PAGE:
His father, a retired colonel in the Army Air Corps, manages his son’s finances. His mother arranged the purchase of his six-bedroom villa in Ibiza (he also has a chalet in Verbier and recently bought a place in Chelsea). ‘I’m not married,’ he says, ‘and so the support structure in my life is my parents. I’m closer to them now than I have ever been.’

He certainly isn’t married, as the photographs of him emerging from nightclubs with various high-profile women on his arm attest. Tara Palmer-Tomkinson was probably the best known socialite, Jessica Sutta, of the Pussycat Dolls, the most glamorous. He also seems to be photographed regularly cavorting on beaches with bikini-clad models such as Petra Nemcova, whom he dated and then dumped – unceremonious dumping being his way of ending relationships, according to the tabloids. He once said he found himself in a swimming pool in LA with nine naked women. ‘I was the only bloke. It was the only time I wished my mates were there, purely to spectate. I had arrived. It was a moment.’

Now he says of the tabloid interest in his peripatetic love life: ‘Last week I went to my home in Ibiza and was photographed by the paparazzi in my swimming trunks with girls. What is the point of that? I’m not that bothered, but maybe the media should be concentrating more on global warming or the Russian invasion of Georgia.

‘Looking at me in my swimming trunks is not a great sight. It’s a waste of time. There generally is a long lens pointing at me wherever I go, these days. I’m comfortable with it. I appreciate how things work. But my record label said something about my always being photographed coming out of nightclubs and I thought, “But this is what I do. I was doing it before the second album came out, so what is different now? You didn’t tell me to stop then.” I’m not going to change my life because of these people. I don’t see why I should.’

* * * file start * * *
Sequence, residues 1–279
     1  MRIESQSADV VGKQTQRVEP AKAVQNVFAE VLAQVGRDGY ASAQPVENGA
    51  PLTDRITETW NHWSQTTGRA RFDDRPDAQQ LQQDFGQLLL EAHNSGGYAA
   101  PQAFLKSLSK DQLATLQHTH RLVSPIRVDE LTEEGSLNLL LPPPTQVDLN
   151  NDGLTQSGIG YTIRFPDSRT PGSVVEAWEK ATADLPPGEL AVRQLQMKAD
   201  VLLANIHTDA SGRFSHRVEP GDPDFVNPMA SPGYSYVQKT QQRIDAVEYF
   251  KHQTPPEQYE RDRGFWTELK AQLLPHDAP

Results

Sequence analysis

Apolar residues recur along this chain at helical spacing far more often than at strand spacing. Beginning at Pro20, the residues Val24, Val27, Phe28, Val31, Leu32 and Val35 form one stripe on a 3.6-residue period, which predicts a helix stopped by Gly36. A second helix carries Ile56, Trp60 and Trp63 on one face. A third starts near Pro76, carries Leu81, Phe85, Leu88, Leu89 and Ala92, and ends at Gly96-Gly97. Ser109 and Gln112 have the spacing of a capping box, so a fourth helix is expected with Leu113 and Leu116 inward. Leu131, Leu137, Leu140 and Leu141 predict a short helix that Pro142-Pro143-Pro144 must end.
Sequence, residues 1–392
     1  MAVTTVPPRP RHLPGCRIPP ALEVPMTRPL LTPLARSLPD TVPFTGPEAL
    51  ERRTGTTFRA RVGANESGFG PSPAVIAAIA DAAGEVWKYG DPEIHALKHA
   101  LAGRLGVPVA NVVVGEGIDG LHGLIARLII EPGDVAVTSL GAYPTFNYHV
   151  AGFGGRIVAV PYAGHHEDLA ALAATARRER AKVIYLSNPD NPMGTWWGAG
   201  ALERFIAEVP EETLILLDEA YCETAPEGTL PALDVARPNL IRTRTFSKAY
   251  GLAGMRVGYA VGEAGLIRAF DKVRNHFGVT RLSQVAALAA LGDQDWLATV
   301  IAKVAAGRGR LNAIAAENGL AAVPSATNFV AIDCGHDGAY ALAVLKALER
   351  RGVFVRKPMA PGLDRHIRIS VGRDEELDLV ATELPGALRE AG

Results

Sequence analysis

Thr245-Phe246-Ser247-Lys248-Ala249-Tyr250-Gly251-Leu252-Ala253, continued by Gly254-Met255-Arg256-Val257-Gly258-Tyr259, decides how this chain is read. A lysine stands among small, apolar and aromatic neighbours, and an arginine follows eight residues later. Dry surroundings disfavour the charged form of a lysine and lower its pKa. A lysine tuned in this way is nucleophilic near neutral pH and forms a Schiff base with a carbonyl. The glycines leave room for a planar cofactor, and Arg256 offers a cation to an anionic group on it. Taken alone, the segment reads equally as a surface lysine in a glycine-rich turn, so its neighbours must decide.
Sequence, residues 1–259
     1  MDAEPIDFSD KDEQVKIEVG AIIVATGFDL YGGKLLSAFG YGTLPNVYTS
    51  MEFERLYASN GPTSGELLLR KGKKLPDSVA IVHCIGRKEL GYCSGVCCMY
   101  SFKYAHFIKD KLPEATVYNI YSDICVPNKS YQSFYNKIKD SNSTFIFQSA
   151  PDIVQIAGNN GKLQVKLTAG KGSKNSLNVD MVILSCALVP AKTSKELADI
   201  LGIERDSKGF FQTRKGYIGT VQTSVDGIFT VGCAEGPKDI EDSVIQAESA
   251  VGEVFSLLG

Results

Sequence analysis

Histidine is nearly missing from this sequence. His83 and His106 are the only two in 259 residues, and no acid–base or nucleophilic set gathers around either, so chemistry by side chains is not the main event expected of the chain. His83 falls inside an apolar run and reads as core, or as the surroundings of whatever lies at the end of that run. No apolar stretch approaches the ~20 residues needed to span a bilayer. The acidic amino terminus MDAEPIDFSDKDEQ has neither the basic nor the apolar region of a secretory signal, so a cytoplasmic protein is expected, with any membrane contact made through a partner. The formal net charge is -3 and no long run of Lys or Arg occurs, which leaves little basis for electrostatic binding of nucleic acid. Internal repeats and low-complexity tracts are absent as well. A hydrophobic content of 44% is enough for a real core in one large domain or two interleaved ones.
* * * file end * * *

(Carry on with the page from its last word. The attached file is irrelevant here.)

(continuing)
His label also gets him to dye his grey hairs and be enigmatic about his love life, which is an old tactic dating back to the Beatles – they had to pretend they didn’t have wives and girlfriends so that fans could fantasise they were in with a chance.

Actually, at the time of going to press, Blunt seems to be going out again with one of his old flames, Verity Evetts, an Oxford-educated barrister. He has also stayed friendly with some of his other exes, the socialites at least. He told one – an ex who got married not long ago – that he doesn’t feel ‘centred’ at the moment and would like to get married as well. Then again, he also said that he never tires of singing You’re Beautiful night after night because it gets him laid night after night.

Either way, he tells me he has grown used to the idea that his mother will probably find out from the papers what he has been up to, and with whom, before he has had a chance to tell her. ‘And my [two] sisters are quick to email me about things in the papers, laughing their heads off. I get healthy, ritual abuse from them, and give it back myself.’